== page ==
Salt of This Sea

Salt of This Sea (Jacir, 2008) is a drama about a Palestinian woman, born in America, who travels to Ramallah to try to retrieve the money that her deceased grandfather left in a Palestinian bank account when he was forced to flee his home in the 1948 exodus.

Salt of This Sea questions the line between documentary and fiction, despite explicitly being a fictional drama. Jacir’s story is so heavily based in real events that it’s painful to see how these event could be completely true. Salam Mir writes that “The crew of actors, all ordinary Palestinians dialoguing in distinct Palestinian accent, did an excellent job, perhaps because the story, landscape and history are a part of their existence (Mir, 2008)”. It’s this apparent of authenticity that lends the film such a sense of realism, despite a plot (about a bank heist) which on paper could seem exaggerated and surreal.

The conflict between realism and surrealism is also present in the character of Marwan, a wannabe filmmaker who at first seems to exemplify the urge to document present in many Palestinian artists, yet this trait is subverted when he explains to Soraya that he doesn’t want to make films about checkpoints and soldiers, but instead about love and romance. He wants to escape the drudgery, not document it.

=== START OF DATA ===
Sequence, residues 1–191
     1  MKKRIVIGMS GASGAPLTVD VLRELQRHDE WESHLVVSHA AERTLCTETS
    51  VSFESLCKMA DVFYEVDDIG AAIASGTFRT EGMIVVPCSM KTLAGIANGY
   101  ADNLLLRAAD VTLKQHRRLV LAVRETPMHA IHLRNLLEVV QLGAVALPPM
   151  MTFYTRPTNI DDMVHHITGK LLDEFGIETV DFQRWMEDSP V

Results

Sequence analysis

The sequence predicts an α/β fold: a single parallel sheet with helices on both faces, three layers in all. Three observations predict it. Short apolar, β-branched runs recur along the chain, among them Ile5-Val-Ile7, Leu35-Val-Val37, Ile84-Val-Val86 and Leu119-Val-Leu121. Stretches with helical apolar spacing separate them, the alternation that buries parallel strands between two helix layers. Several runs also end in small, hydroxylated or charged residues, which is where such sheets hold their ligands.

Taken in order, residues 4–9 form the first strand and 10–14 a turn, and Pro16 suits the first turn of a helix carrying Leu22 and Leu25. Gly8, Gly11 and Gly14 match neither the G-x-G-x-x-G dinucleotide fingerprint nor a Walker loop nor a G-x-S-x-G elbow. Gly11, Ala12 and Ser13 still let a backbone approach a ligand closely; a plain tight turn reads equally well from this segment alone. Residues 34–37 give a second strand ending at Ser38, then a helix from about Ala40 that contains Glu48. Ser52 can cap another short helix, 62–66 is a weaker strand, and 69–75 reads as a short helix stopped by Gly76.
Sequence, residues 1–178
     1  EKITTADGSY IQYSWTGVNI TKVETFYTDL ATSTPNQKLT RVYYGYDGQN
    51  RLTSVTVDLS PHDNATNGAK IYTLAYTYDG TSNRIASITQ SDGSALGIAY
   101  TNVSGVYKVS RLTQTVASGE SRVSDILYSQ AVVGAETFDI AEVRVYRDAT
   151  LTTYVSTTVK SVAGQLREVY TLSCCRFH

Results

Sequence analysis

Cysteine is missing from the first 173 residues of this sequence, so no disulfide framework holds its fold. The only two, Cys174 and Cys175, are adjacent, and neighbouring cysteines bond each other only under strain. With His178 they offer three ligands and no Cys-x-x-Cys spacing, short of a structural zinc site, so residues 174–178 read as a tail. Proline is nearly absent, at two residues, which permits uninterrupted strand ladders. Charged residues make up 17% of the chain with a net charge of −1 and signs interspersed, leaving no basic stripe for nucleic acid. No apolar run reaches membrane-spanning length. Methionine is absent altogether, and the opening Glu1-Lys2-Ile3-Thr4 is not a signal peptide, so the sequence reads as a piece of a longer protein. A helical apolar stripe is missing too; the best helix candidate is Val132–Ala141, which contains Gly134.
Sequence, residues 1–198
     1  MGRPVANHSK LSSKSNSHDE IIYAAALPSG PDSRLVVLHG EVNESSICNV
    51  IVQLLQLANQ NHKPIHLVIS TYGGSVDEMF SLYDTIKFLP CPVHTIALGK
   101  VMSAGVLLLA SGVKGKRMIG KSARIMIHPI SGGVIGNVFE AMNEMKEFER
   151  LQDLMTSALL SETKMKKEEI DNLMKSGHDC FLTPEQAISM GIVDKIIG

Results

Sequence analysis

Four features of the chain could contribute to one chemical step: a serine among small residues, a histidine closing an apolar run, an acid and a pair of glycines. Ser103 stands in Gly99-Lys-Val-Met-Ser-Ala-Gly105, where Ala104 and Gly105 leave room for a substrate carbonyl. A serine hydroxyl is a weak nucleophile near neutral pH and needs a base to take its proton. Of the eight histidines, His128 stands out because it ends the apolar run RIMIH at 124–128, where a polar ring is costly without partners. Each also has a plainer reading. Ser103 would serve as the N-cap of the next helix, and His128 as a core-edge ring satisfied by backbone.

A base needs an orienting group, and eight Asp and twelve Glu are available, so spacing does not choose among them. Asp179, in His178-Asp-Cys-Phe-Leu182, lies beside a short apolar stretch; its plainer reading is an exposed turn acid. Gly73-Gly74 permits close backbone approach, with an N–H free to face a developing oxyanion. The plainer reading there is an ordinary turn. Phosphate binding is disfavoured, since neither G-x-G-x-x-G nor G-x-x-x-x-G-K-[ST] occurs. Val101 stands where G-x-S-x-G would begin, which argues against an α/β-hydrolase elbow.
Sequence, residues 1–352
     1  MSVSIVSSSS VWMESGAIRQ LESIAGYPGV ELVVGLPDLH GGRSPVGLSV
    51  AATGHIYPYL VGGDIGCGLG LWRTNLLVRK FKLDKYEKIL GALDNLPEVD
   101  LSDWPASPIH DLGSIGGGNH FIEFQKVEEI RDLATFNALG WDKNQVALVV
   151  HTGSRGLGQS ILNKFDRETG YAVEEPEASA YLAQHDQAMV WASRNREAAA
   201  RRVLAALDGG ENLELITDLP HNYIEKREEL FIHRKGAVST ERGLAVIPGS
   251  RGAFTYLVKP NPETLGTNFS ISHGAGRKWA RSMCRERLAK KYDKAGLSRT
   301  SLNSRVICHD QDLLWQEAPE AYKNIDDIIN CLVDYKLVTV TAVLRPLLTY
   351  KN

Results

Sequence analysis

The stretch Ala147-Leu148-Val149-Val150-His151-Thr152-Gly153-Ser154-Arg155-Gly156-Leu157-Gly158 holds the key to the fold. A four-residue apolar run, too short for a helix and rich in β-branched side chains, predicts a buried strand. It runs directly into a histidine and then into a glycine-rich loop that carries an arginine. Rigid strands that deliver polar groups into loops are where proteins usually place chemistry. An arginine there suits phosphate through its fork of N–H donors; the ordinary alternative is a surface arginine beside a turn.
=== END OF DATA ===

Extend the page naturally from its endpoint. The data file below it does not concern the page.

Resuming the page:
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Jacir’s documentary/fiction divide explicitly represents the dichotomy between the present-day Palestine and the one spoken of in its oral tradition: “The script […] blends the oral history Soraya knows by heart with the historical reality of Israel and the Palestinian territories. (Mir, 2008)”. And it’s highlighted in the film’s two leading characters. Soraya, fresh from New York, is full of idealism and the memories of a pre-Israel Palestine told to her by her father; whereas Emad, trapped in Ramallah without a permit or visa to leave, is pragmatic about Palestine’s situation and doesn’t want to fight any more; he just wants to escape. In one scene he admonishes Soraya for her naive idealism “You think Palestine is just oranges? Jaffa Oranges? What a fantasy! (Jacir, 2008)”. This adherence to the stories of old Palestine, as told by its elders is most notable in a scene in which Soraya describes her grandparents’ daily life in Jaffa in such minute detail that an astonished Emad asks her if she’s sure that she’s never been there. Maymanah Farhat writes about this representation of Palestinians born after the Nakba, who therefore have no direct experience of it: